“We hope to fund the Canadian speakers at the War of 1812 symposium,” said Mr. Whittaker. “I live in Bishop’s Mills and know those of us on the Ontario side of the St. Lawrence River look forward to expanding our co-operation with our friends in New York .”

Two of the historians featured in the recent PBS production, “The War of 1812,” are giving seminars at the 2012 symposium. Four other historians who appeared in the production have presented at previous symposia.

Wind Power Has A Long History in America


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Scores of gigantic wind turbines in the Adirondacks’ northeastern and southwestern foothills are a startling site amidst historically bucolic scenery. The landscape appears “citified,” with structures nearly 40 stories high where the largest buildings rarely top 3 stories. It is a dramatic change, and a far cry from simpler days when family farms were prevalent. Few realize that in those “simpler days” of dairy farms, windmills were actually quite common across the region.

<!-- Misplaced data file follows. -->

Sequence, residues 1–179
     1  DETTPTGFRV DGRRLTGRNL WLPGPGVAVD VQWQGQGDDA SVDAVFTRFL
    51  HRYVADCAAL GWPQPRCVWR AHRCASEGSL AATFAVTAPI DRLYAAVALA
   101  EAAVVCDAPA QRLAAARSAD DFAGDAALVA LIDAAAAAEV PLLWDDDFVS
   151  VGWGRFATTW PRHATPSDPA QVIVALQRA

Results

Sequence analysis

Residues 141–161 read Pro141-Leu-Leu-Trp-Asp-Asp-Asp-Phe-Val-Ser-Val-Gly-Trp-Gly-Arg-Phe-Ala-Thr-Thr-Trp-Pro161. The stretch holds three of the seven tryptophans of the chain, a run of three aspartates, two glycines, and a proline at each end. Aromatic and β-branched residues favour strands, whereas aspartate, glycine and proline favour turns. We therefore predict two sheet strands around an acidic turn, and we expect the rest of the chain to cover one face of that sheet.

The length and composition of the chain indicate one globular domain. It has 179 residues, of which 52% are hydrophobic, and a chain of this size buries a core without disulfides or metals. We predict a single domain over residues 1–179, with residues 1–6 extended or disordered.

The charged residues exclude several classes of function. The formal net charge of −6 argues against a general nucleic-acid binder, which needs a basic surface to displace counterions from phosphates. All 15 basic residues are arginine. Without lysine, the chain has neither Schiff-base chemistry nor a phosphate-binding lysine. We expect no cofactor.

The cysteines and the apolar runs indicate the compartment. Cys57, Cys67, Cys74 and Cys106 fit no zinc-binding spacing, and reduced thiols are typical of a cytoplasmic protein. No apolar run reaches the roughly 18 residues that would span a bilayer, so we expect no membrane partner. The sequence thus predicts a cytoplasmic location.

Of course, the windmills once dotting the North Country’s landscape were nothing like today’s behemoths, which stand nearly 400 feet high from the ground to the tip of a skyward-pointing blade. And, the windmills of old weren’t always efficient machines.

Wind technology took a tremendous leap forward in the 1850s thanks to Daniel Halladay, a Connecticut machinist. Halladay’s windmill not only pumped water, but automatically turned to face into the wind as it changed directions. Almost as important, he devised a way to control the speed of the blades (windmills are prone to destruction from within when operating at high rpm levels). Halladay established the US Wind Engine & Pump Company, setting up shop in Illinois. From the start, the business flourished.